Патент USA US2071239код для вставки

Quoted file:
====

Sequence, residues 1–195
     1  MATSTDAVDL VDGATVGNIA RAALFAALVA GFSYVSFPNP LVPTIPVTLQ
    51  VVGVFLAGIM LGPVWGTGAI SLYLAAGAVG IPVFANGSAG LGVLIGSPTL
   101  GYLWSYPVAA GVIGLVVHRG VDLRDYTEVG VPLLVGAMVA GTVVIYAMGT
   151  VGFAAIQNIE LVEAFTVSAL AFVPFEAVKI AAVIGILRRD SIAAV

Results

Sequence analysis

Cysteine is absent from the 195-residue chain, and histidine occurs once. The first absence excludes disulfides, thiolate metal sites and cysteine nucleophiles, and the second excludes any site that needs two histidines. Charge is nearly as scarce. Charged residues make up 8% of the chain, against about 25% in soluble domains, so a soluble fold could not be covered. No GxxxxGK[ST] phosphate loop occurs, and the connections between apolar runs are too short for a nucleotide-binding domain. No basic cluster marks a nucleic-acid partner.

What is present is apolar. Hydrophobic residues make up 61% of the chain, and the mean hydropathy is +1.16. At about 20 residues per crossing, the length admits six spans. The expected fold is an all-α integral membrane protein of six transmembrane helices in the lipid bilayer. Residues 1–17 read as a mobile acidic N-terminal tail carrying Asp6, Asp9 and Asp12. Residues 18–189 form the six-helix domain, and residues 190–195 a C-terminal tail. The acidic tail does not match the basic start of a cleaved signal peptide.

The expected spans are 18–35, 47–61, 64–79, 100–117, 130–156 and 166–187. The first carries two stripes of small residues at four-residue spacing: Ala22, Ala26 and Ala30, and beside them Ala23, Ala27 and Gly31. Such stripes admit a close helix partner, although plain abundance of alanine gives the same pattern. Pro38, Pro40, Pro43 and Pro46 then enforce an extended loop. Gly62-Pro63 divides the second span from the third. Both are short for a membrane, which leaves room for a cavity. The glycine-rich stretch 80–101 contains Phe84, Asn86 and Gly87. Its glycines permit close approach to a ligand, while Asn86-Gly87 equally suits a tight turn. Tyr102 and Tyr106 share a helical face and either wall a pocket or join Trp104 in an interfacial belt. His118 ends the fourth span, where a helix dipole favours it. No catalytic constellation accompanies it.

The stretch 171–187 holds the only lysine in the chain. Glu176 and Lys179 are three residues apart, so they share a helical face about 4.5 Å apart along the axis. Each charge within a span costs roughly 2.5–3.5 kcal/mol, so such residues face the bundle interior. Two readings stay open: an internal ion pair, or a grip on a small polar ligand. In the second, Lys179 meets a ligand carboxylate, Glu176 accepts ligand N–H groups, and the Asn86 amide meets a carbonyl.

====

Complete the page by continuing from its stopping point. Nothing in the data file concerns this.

Feb. 16, 1937. > w. H. SPENCER ET AL ' ' 2,071,239 SIGN PLATE AND OTHER ORNAMENTAL PANEL '7 Filed March 15, 1955 INVENTORS WILLIAM 'H. SPENCER LESLIE R. BIRDS/ILL WILLIAM BAHLER ' 2,071,239 Patented Feb. 16, 1937 UNITED STATES PATENT OFFICE ' 2,071,239 SIGN PLATE AND OTHER ORNAMENTAL PANEL William H. Spencer, New York, Leslie R. Birdsall, , Long Island City, and William Bahler, New York, N. Y., assignors to The Frink Corpora tion, Long Island City, N. Y., a corporation of Delaware Application March 15, 1935, Serial No. 11,222 7 Claims. (Cl. 40—136) This invention relates more especially to signs constructed of plate glass or other suitable transparent or translucent material whereby novel lightv effects as well as contrasts in the characteristic appearance of a legend or design with respect to its background, may be produced in ornamental panels or signs. _ The primary purpose of our invention is to provide‘ plate‘ glass signs of'improved construc 10 tion and for this purpose, our invention contem plates more especially a re?nement and exten sion of the method shown and described in U. S. Patent No. 1,525,107 which was granted in the name of W. H. Spencer under date of Feb lens-like bodies of glass which stand out in bold relief from a background of contrasting non luminous character and in which the basal out lines of the luminous side walls of the lens-like bodies are sharply de?ned from said background. In the drawing which illustrates an adaptation of our invention to a plate or block of colored ?ashed glass, successive stages of the process are represented by effects produced on a fragmen tary portion of the plate glass as shown on‘ a 10 fragmentary transverse section on the line A-—B of Figure 6. Figure 1 is a fragmentary vertical section of ruary 3, 1925, the purposeof the present inven 15 tion being to form protruding lens-like bodies of the plate glass panel prior to the excavating oper ation, said panel being provided with a ?ashed layer of colored glass at the top. translucent or transparent material which stand out in strong relief with respect to a background portions of the glass plate have been excavated of contrasting character. According to the em bodiment of our invention shown on the draw 20 ing, an excavating operation (preferably per formed by sand blast) is utilized to form a de sign, letter or legend out of solid bodies of glass which protrude in bold relief from a roughened temporary surface left by the sand-blasting 25 operation. For this purpose, a resist sheet is ?rst applied to one surface of the panel and after portions of said resist sheet have been cut away around and exterior to portions of the smooth polished surface of the plate glass which 30 are to form the top or forwardly-presented sur faces of the design, letter or legend, the sand blast is appliedto the outlying areas of the plate, glass to form portions of relatively lesser thickness which correspond to background areas for the 35 solid glass characters formed by other portions of relatively greater thickness or degree of relief. According to the above identi?ed Spencer Patent No. 1,525,107, this step in the‘process was fol lowed by an electroplating operation which cov 40 ered the beveled side wall surfaces of the relief Figure 2 is a view similar to Figure 1 after by sand blast over predetermined areas of one face to form lens-like characters in relief with concave bevelled side walls of roughened glass. Figure 3 is a view similar to Figure 2 showing a step in the process preliminary to the electroplat~ ing operation, Figure 4 is a view similar to Figure 3 showing the partly ?nished sign in readiness for the elec troplating operation. Figure 5 is a view similar to Figure 4 of the completed sign plate. Figure 6 is a face view of a portion of the completed sign plate. According to the preferred embodiment of our invention shown on the drawing, a slab l of plate glass is covered by an applied sheet 2 of resist having an adhesive incorporated therein so that 35 when the initial blast of sand strikes thereon, a protective layer of sand is formed for de?ecting the sand blast from the resist during the con tinued action of the sand blast. Assuming that a plate glass sign having the appearance shown 40 in Figure 6 of the drawing, is to be produced, characters as well as the roughened background portions of the resist sheet 2 are cut away around and exterior to portions of the plate glass sur from which the characters protruded. In con sequence, the luminous and illuminating effects face which are to form the top smooth surfaces in the beveled edges of the solid glass charac - of the letters shown in Figure 6. The prepared slab is now ready for the sand-blast operation 45 ters due to their inherent properties of re?ec which is directed upon the slab in such a manner tion, refraction and diffusion of light, could not be utilized under the Spencer method which as to excavate portions 4, 4, of the plate glass provided no means for establishing a clearly de ?ned border between the flat plated areas and 5 O the beveled non-plated areas. 'By painstaking 85 slab extending around and exterior to the ?nished relief characters. As a. result of this sand-blast 50 experiments and investigation, we have found that ornamental panels of the character re ing operation, the plate glass slab is reduced to the form shown in Figure 2 of the drawing, in which protuberant bodies 5 of solid glass form-letters ferred to, can‘be made highly distinctive in ap pearance by forming letters or other designs of cave side walls of roughened glass due to the 55 or other characters provided with bevelled con 2 . 2,071,239 etching operation. For the purpose of safeguard ing the light-transmitting, light-reflecting and light-diffusing properties of the translucent side walls of the relief characters during subsequent operations on the plate glass slab, the bevelled side walls are temporarily covered by layers of suit able composition such, for example, as a gelatine and glue preparation which provides a protective covering for the ground glass surfaces and pre 10 vents access thereto of the conductive coating so lution employed for depositing a layer 8 of graph ite, metallic paint or silver etc. on the background areas in preparation for an electroplating opera tion. As shown in Figures 3 and 4 of the draw ing, the protective layers 6 terminate outwardly at the bottom in alinement with a rectangular re cess '! which sharply de?nes the basal outline of the letter from the depressed roughened back ground area upon which the conductive coating 8 is deposited. During the electroplating operation a layer 9 of metal becomes deposited on the con ductive layer 8, as indicated in Figure 5 of the drawing. The ?nished plate glass sign comprises an electroplated panel provided with protuberant “ uncoated bodies of solid glass which form letters or other characters in bold relief. Moreover, these characters in relief are provided with smooth flat top surfaces consisting of residual portions of the original polished surface of the plate glass, and roughened beveled side walls, and by virtue of their inherent properties of re ilection, refraction and diffusion, produce strik ing ornamental effects in contrast to the metal lic or opaque background from which they stand out. Especially beautiful effects may be obtained by means of a slab of plate glass embodying a layer la of ?ashed glass of any desired color at the top. Not only is the ?nished sign plate pro duced by this method a thing of striking beauty ~10 but its construction is rendered permanent due to the durable qualities of the substantially ?at background consisting of an electroplated area on a roughened surface and the solid glass lens like bodies protruding therefrom. By an inspec ' tion of Figure 5 of the drawing, it will be seen that the concave perimetral walls of the relief characters are curved continuously from the ?at surfaces of said characters and outwardly and rearwardly therefrom into approximate parallel ism with the common plane of said ?at surfaces, the forwardly extending marginal portions of the concavely bevelled roughened side walls being approximately normal to said common plane at the flat surfaces of the plate glass portions of relatively greater thickness. Furthermore, the basal outlines of the relief characters are sharply de?ned from the electroplated background by the shoulder ‘I against which the metal plate of the background abuts. In consequence, with one or more sources of light arranged in the rear of a sign plate constructed as described above, and in relation to a given superficial area of the polished ?at surface of each letter, a relative ly much enlarged light aperture is provided be tween the spaced edges of the plates 9, 9, through which the light rays strike the roughened con cavely bevelled walls from within at progres sively different angles from the basal margins of the lens-like bodies of glass to the ?at surfaces at 70 the top. Due to the provision of co-ncavely bev elled roughened side walls on a letter having a flat polished surface, a two-tone lighting effect is produced. Furthermore, the substantially con tinuous curvature of the bevelled side walls from 75 a direction normal to the polished front surfaces of the characters at said front surfaces into par allelism with said surfaces at the base of said bevelled side walls, produces variations in the re?ection, refraction and diffusion of light rays corresponding to the curvature of the side walls which are rendered progressively brighter from relatively small cross-sectional areas at the flat faces to much broadened cross-sectional areas framed within the opaque background. We claim:— 10 1. An ornamental panel constructed of light tra-nsmitting material and having portions of relatively lesser uniform thickness and other por tions of relatively greater uniform thickness pro vided with concave perimetral walls having their forwardly extending marginal portions approxi mately normal to the front surfaces of said por tions of greater thickness, said walls being curved continuously and rearwardly into approximate parallelism with said front surfaces in a common 20 plane spaced rearwardly from said front surfaces, and an opaque background covering said por tions of lesser thickness and having its forwardly presented surface disposed substantially in said I common plane. L. Ll 2. A sign plate constructed of light-transmit ting material and comprising portions of rela tively greater and lesser uniform thickness, said portions of relatively greater uniform thickness forming characters in relief provided with con .30 cave side walls approximately normal to the front surfaces of said characters in relief at the forwardly-presented edges of said side walls, and having their rearwardly-presented edges extend ing outwardly into a common plane spaced rear- -‘ wardly from said front surfaces and approxi mately parallel thereto, the forwardly-presented surface of said portions of lesser thickness being spaced rearwardly from said common plane and de?ned with respect to the outwardly-presented ~10 edges of said concave side walls by rectangular shoulders, and a layer of opaque material on the outer surface of said portions of lesser thickness and in abutment with said shoulders, said opaque material forming a background area extending outwardly from and on the same general level as the outwardly-presented edges of said concave side walls. 3. A light-transmitting sign plate having por tions of relatively greater thickness presented ' forwardly from and surrounded by portions of relatively lesser thickness to form characters in relief, said characters in relief being enlarged in cross-sectional area from top to bottom and provided with light-diffusing side walls, and an opaque layer covering the general surface of the portions of relatively lesser thickness and termi nating at the basal edges of said side walls to define enlarged light-apertures in the front sur face of said portions of lesser thickness for light GO rays entering said relief characters from the rear ' surface of the sign plate. 4. A glass sign plate having portions presented forwardly from a roughened background area to form characters in relief, said characters in re lief being provided with transparent top surfaces and side walls of exposed roughened glass beveled outwardly from and around said transparent top surfaces to provide said relief characters with enlarged cross-sectional areas at their bases, said roughened background area being electroplated around and between the bases of said characters in relief to de?ne apertures for light entering said characters from the rear of said sign plate. 5. A glass sign plate comprising portions pre 2,071,239 sented forwardly from a roughened opaque back ground portion of relatively lesser thickness to form characters in relief, said characters in relief being provided with color-flashed top lay ers and side walls of exposed roughened glass beveled outwardly and downwardly from around said color-?ashed top layers toward said opaque background. 6. A glass sign plate comprising portions of relatively greater and lesser thickness, said por tions of greater thickness being shaped and ar ranged to form characters in relief which are en larged in cross-sectional area from top to bottom 3 7. A sign plate constructed of light-transmit— ting material and comprising portions of rela— tively greater and lesser uniform thickness, the portions of relatively greater uniform thickness being provided with polished transparent top sur faces and roughened concavely beveled side walls approximately normal to said top surfaces at the top and approximately in parallelism therewith at the bottom to form characters in relief, the basal edges of said side walls being raised with 10 respect to the general surface of said portions of lesser thickness and defined therefrom by abrupt shoulders, and a layer of metal applied to the and de?ned from said portions of lesser thickness general surface of said portions of lesser thick 15 ness, said layer of metal being provided with 15 by abrupt shoulders, said characters in relief be ing provided with concavely beveled side walls of apertures conforming to said abrupt shoulders. roughened glass, and an opaque layer covering WILLIAM H. SPENCER. the forwardly-presented surface of said portions LESLIE R. BIRDSALL. of lesser thickness and de?ned from the basal 20 WILLIAM BAHLER. 20 edges of characters in relief by said abrupt shoul--v ders.